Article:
The process of reclaiming oil and gas revenues for people, rather than for profit, is exactly what other governments are doing. A recent wave of resource nationalism has seen governments around the world take back control of natural resources which were previously in the hands of foreign companies. The following section shows how this has occurred in just three countries: Bolivia, Russia and Venezuela. In none of the cases did the affected companies (including Shell) walk away from their investments, despite their dissatisfaction with the new regimes.

How they do it elsewhere

Bolivia

In Bolivia the nationalisation of the country’s vast gas deposits was initiated by popular resistance during the 2003 ‘gas war’ in which thousands of citizens took to the streets to demand the state take back control of the nation’s gas reserves. The country came to a standstill and the army was dispatched to clear the streets, leaving 60 unarmed protestors dead.

General outrage at the massacre of civilians forced President Gonzalo Sanchez de Losada out of office. His successor, President Carlos Mesa, promised a referendum which would allow citizens to express an opinion on the ownership and exploitation of the country’s natural resources.

In July 2004 citizens voted Yes/No to five questions. Question 2 asked whether citizens agreed “that the Bolivian State should recover ownership over all hydrocarbons at the wellhead”. Voters said ‘yes’ to all five questions but it was question 2, on the ownership of hydrocarbons, which drew the biggest response, with 92 per cent of participating voters backing the proposal. The Mesa administration dragged its feet on the issue of enacting enabling legislation, sparking further protests in 2005 which forced Mesa out of office.

Against this backdrop, Evo Morales, a coca farmer and socialist, was elected president in November 2005, promising to retake complete control of state energy assets. On May 1st 2006, President Morales issued Decree 28701, the decree of nationalization.

Article One of the Decree was unequivocal: “From this day onwards oil and gas companies engaged in production activities anywhere in the country are obliged to hand over all aspects of production to YPFB” (state energy company), ceding “total and absolute control” to the Bolivian state. Article Three announced a 180-day window of opportunity during which each company had the chance to draw up new contracts allowing them to resume productive activities under new regulations. Article 4 announced that gas fields over a certain size would return 82 per cent of revenues to the state (18 per cent royalties, 32 per cent energy tax, and 32 per cent additional income for YPFB). The foreign companies would pay for exploration and operation costs out of their 18 per cent share.

International commentators expressed displeasure; “We had hoped there would be a process of discussion and consultation before it (Bolivian government) adopted such measures”, complained the EU Commission. But there was no international backlash and the Bolivian government proceeded cautiously, paying out compensation and rewarding compliant companies with fresh investment opportunities. Foreign companies, including Shell, agreed to the new terms. In fact, Shell stayed on even though Ashmore Energy International, its investment partner in Bolivia, rejected the new terms. On Aug 8th 2008, Shell accepted a compensation offer of $120 million for its 50 per cent stake in the nationalized gas pipeline company Transredes. The price was established by the Bolivian government. Since the nationalization process was decreed in 2006 there have been problems and setbacks but the industry is moving on and state revenues are being funneled into badly needed social services.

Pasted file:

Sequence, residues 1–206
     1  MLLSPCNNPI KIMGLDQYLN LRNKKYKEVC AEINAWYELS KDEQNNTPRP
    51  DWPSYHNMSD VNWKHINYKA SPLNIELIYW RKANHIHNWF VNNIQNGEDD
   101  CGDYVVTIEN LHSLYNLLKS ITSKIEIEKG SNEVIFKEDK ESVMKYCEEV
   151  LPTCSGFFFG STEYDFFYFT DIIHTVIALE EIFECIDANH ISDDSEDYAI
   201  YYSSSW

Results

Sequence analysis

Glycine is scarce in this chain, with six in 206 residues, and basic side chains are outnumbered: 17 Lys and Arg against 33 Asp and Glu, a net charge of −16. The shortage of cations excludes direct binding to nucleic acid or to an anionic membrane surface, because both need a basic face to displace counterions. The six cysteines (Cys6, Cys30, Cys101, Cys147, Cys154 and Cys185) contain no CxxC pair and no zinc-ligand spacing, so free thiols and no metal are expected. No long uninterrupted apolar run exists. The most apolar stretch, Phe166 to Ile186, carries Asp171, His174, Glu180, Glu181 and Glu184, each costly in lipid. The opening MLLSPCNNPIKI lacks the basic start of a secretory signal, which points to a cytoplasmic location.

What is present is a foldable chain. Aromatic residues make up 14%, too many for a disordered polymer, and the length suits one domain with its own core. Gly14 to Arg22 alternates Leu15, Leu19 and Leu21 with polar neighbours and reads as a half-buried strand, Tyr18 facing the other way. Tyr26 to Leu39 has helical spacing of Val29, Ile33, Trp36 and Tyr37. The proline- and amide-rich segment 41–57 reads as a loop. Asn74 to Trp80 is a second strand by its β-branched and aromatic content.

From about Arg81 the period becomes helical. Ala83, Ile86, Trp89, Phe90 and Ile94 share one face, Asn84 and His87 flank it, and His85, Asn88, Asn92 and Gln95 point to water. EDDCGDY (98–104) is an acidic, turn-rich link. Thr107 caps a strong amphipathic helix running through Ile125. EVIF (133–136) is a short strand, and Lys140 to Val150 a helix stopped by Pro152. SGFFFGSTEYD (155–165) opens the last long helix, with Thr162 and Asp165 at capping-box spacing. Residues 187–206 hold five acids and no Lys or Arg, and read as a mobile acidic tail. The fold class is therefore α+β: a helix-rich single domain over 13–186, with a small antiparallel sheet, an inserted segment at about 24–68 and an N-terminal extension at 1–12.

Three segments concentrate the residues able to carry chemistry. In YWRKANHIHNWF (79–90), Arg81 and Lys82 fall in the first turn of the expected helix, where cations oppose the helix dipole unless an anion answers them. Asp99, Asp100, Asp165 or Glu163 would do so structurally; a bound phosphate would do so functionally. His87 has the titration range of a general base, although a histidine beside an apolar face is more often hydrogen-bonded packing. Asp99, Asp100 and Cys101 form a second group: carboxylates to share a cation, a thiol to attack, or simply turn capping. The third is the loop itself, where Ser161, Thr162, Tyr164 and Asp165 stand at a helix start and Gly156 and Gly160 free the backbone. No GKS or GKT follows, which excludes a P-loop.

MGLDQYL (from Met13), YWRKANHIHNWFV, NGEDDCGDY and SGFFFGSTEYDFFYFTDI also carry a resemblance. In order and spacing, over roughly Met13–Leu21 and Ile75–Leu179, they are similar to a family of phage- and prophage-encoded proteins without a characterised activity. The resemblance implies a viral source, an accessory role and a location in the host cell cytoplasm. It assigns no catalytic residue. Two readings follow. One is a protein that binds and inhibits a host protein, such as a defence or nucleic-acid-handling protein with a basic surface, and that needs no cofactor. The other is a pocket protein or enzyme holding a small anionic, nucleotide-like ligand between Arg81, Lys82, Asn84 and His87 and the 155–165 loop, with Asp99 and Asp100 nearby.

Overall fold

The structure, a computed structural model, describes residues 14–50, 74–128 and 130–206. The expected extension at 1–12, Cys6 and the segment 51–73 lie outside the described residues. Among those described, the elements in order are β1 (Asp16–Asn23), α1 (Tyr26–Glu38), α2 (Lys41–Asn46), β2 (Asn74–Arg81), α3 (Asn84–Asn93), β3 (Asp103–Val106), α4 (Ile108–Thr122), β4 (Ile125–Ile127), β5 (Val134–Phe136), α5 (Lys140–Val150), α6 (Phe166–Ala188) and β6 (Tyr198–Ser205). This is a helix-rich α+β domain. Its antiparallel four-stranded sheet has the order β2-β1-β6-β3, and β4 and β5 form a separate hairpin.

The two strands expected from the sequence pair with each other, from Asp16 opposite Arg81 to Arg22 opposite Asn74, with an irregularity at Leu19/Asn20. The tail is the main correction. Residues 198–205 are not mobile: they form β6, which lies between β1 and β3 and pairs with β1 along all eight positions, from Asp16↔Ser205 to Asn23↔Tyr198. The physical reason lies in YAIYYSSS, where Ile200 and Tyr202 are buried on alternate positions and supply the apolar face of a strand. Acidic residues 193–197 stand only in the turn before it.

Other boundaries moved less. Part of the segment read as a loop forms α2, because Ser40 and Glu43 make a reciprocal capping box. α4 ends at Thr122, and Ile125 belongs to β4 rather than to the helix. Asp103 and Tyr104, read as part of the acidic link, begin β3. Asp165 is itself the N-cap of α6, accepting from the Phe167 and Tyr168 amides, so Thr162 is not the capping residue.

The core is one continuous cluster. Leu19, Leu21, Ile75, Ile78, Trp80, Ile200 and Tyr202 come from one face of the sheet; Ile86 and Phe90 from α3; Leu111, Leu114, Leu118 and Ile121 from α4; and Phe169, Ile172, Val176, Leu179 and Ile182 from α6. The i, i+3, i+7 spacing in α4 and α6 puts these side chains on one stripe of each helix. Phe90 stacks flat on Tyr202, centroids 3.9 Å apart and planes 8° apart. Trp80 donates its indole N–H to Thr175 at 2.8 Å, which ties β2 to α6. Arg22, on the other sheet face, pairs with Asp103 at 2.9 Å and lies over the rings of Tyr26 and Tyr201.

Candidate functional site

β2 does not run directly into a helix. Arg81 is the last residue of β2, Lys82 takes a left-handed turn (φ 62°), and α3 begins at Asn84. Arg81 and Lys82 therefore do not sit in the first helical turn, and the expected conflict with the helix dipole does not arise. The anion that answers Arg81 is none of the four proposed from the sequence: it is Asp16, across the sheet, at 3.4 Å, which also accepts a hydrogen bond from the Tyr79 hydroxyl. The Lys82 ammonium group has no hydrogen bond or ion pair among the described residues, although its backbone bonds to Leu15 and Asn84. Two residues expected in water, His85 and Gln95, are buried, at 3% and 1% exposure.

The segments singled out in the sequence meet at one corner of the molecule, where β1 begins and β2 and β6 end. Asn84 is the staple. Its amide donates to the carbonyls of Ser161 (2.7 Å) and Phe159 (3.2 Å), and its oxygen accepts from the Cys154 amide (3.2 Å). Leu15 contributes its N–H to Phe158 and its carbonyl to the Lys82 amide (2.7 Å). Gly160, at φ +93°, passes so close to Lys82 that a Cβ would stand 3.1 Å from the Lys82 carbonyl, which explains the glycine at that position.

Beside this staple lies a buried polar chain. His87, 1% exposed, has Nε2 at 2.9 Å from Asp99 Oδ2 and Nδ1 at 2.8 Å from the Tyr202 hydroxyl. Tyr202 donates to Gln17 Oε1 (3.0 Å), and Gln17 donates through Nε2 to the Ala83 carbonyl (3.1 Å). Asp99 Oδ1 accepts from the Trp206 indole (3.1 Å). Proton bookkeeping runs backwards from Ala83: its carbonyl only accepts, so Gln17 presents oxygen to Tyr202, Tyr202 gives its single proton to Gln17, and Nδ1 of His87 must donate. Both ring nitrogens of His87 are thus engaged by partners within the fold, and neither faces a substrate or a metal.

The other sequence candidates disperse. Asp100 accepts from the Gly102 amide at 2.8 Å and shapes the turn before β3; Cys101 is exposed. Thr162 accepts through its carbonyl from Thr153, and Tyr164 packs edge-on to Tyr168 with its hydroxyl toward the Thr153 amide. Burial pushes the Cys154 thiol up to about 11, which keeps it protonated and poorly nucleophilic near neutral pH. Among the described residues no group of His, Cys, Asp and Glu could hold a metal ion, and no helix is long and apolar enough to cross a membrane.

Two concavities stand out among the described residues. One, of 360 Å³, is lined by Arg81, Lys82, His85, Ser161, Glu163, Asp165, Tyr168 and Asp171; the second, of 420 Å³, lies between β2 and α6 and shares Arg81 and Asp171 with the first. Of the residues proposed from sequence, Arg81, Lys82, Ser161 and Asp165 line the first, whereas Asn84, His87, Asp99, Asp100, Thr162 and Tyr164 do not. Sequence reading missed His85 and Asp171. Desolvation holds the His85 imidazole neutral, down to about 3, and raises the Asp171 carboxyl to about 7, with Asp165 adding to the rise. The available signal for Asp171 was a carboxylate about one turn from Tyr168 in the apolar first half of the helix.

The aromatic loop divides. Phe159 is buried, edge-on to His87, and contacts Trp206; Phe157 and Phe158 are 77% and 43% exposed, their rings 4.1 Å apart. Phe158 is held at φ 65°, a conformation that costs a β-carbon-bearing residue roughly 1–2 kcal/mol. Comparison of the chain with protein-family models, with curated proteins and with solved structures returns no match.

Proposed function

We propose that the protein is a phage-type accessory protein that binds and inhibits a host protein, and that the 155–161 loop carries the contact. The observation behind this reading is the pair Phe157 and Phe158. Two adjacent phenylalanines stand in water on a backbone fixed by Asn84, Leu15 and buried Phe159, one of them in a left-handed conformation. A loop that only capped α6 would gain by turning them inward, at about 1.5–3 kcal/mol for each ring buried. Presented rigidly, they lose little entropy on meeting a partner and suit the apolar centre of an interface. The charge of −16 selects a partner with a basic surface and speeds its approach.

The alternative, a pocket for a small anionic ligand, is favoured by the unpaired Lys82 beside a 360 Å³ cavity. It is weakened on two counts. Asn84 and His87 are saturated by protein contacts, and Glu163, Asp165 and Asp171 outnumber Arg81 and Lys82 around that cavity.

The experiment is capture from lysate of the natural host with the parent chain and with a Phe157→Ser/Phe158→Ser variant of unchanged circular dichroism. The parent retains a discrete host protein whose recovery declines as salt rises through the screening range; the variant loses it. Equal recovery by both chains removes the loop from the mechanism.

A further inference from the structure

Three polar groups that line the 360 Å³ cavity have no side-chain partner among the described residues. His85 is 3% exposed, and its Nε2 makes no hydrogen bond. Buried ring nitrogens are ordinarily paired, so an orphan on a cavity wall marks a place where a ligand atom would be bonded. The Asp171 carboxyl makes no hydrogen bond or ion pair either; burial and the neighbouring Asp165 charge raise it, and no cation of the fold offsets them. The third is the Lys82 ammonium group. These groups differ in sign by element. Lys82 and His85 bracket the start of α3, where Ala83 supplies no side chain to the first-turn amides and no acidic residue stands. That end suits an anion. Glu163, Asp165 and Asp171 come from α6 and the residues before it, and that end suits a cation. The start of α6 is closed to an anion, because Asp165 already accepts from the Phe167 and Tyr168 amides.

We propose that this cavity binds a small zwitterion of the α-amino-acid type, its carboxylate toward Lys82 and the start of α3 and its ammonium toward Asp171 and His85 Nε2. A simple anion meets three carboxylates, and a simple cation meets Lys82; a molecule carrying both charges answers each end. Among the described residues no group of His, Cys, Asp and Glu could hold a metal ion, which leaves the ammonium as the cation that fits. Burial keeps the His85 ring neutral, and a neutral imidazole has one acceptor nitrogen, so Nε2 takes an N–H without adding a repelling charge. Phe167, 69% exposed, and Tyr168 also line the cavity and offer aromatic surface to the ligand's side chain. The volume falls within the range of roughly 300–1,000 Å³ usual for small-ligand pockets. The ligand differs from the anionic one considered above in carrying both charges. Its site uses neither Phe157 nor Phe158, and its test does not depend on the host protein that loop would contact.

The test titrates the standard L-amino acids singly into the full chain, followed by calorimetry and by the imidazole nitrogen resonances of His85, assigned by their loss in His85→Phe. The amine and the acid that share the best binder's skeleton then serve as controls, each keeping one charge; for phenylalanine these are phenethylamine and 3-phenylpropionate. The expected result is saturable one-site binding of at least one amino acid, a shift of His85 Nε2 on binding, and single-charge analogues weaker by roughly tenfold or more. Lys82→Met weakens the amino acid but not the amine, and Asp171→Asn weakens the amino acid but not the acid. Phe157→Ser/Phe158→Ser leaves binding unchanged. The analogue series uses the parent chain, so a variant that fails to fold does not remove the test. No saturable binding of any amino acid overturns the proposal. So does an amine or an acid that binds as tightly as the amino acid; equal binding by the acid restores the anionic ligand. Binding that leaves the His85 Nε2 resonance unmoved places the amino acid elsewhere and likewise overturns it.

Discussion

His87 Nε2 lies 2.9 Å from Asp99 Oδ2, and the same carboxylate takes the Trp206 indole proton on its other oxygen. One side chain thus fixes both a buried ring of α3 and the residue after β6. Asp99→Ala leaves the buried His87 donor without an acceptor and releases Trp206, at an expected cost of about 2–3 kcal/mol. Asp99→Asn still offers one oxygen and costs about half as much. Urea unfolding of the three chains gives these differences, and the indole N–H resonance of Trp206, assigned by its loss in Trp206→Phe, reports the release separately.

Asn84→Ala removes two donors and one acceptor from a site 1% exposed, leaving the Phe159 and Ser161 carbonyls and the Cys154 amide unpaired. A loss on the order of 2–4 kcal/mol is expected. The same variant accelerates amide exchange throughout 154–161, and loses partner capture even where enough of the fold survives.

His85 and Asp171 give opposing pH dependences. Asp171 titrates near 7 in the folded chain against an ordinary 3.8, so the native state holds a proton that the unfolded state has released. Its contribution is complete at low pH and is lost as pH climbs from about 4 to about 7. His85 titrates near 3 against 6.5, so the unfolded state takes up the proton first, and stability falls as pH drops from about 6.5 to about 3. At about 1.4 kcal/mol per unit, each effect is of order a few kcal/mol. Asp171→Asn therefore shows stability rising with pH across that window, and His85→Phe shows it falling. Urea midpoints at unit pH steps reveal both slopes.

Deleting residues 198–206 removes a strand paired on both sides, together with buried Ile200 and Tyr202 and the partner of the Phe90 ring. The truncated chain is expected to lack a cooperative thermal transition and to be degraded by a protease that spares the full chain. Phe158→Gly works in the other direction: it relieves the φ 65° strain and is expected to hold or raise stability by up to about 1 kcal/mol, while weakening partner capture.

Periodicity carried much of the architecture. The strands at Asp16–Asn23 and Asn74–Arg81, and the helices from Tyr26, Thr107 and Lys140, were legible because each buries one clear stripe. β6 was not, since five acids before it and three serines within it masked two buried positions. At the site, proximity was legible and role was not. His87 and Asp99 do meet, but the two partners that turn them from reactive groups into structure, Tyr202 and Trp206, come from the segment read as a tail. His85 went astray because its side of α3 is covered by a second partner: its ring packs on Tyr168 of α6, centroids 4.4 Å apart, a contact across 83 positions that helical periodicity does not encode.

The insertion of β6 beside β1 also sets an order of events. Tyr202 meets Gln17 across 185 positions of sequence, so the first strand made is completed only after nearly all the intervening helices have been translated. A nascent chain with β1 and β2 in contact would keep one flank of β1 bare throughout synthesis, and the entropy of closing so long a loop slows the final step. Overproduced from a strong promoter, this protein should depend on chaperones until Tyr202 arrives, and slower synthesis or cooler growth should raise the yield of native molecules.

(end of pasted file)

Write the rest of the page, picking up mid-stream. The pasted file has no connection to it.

Russia

In Russia President Vladimir Putin tackled the issue from a different angle, picking out breaches of regulations to halt and review operations and ultimately retake majority ownership of key fields. In December 2006 Russia’s Ministry of Natural Resources published a 600-page dossier – prepared by environmental watchdog Rosprirodnadzor (RPN) – which listed alleged environmental violations by Shell and its project partners at the giant Sakhalin oil and gas field. More significantly, the Russian government announced that in the light of Shell’s improper activities, the terms of the deal, signed ten years previously, would have to be renegotiated. The report gave legal and political cover to what was effectively a heave against Shell in the name of energy security.

Shell took the blow well, realizing that even a lesser stake in a large field is better than no stake at all. The state-owned gas giant Gazprom agreed to pay $7.5 billion for a 50 per cent-plus-one-share stake in the Sakhalin-2 project, leaving Shell with a 27.5 per cent stake, down from 55 per cent. Shell’s chief executive, Jeroen van der Veer, described talks with Gazprom executives as “constructive” but the Russians were more direct, saying that Shell had become cooperative after the company was threatened with having its operating licence withdrawn. The Russian government also moved on BP to surrender control over a Siberian field, again citing environmental violations.